Special Seminar For Graduate Students

Starting October 18, 2016 - Ending October 18, 2017 Expired


Institute of Statistical, Social and Economic Research (ISSER)



Topic:       How (Not) to Choose a Dissertation/Thesis Topic

Presenter:  Professor William F. Steel

Date:         Tuesday, 18th October 2016

Time:        2:00pm    

Venue:     ISSER Conference Hall



This seminar discusses some of the pitfalls often encountered in choosing a dissertation/thesis topic for a Master’s degree. Topics that purport to investigate “impact” (or “effects”) face severe hurdles in terms of obtaining data required for a statistically valid conclusion.  A detailed conceptual framework can help to identify specific variables in the chain of cause-and-effect that may be more susceptible to data collection and analysis. Statistical analysis requires testing a hypothesis about the relationship between two variables.


About the Presenter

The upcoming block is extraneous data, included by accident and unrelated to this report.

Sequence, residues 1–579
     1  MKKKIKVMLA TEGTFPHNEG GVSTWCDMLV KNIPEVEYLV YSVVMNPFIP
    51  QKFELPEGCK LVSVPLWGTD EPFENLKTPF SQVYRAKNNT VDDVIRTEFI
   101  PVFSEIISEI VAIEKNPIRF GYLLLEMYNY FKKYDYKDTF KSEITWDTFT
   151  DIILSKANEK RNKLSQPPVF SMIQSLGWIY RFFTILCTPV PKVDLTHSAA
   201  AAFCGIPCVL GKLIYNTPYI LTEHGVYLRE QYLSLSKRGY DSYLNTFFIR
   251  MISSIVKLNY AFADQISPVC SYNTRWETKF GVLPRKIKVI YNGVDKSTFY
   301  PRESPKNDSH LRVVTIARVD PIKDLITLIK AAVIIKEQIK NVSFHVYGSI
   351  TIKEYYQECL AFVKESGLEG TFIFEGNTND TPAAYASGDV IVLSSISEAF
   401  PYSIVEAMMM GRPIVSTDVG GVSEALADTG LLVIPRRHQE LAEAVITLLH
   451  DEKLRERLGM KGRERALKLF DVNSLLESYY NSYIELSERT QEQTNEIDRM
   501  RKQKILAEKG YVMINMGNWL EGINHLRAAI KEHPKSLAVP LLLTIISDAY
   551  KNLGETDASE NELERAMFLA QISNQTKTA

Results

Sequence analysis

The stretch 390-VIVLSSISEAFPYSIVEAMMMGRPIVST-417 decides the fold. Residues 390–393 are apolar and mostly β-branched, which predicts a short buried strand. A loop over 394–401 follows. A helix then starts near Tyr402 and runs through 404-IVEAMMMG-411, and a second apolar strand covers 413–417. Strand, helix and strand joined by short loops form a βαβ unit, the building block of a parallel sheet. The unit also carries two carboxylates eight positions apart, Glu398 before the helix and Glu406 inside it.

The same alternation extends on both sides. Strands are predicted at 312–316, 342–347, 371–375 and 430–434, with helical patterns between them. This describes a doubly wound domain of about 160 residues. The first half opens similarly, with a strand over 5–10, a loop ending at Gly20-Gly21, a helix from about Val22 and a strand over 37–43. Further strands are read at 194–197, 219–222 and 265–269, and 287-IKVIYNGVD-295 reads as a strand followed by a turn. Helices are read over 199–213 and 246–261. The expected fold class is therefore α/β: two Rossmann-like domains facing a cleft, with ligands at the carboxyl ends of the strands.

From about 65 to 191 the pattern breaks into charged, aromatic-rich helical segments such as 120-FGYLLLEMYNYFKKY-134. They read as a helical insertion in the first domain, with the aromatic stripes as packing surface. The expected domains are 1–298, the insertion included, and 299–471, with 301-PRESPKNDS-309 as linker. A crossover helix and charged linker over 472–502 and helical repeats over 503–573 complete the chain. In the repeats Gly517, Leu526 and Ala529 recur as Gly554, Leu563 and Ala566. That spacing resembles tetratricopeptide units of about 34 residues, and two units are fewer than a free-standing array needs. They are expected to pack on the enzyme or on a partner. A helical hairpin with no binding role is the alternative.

William Steel is currently Adjunct Professor at the Institute of Statistical, Social and Economic Research, University of Ghana, teaching microfinance and consulting for the World Bank and the International Fund for Agricultural Development. He has worked on micro and small enterprise development, micro and rural finance, the informal economy, industrialization, solar energy, and other topics in Ghana, Uganda and other African countries. He retired in 2005 as Senior Adviser in the Africa Region Private Sector, World Bank, where he worked since 1983 and also Co-Chaired the Donor Committee for Small Enterprise Development (1991-2004). He has a PhD in Economics from the Massachusetts Institute of Technology, and previously taught economics at Vanderbilt University and the University of Ghana. He has served as an Advisor in the African Development Bank and the Indonesia National Planning Agency. He is a founder and Board member of the Women in Informal Employment: Globalizing and Organizing (WIEGO) network. He has published widely on small enterprise development, informal finance, microfinance regulation, informal employment, and industrial adjustment.